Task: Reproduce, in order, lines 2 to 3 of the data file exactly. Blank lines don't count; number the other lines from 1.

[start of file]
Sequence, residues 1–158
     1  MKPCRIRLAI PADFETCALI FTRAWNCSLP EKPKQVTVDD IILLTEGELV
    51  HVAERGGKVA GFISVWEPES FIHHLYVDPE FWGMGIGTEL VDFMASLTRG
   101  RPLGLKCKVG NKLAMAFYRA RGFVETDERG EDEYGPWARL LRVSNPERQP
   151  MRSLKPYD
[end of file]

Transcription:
     1  MKPCRIRLAI PADFETCALI FTRAWNCSLP EKPKQVTVDD IILLTEGELV
    51  HVAERGGKVA GFISVWEPES FIHHLYVDPE FWGMGIGTEL VDFMASLTRG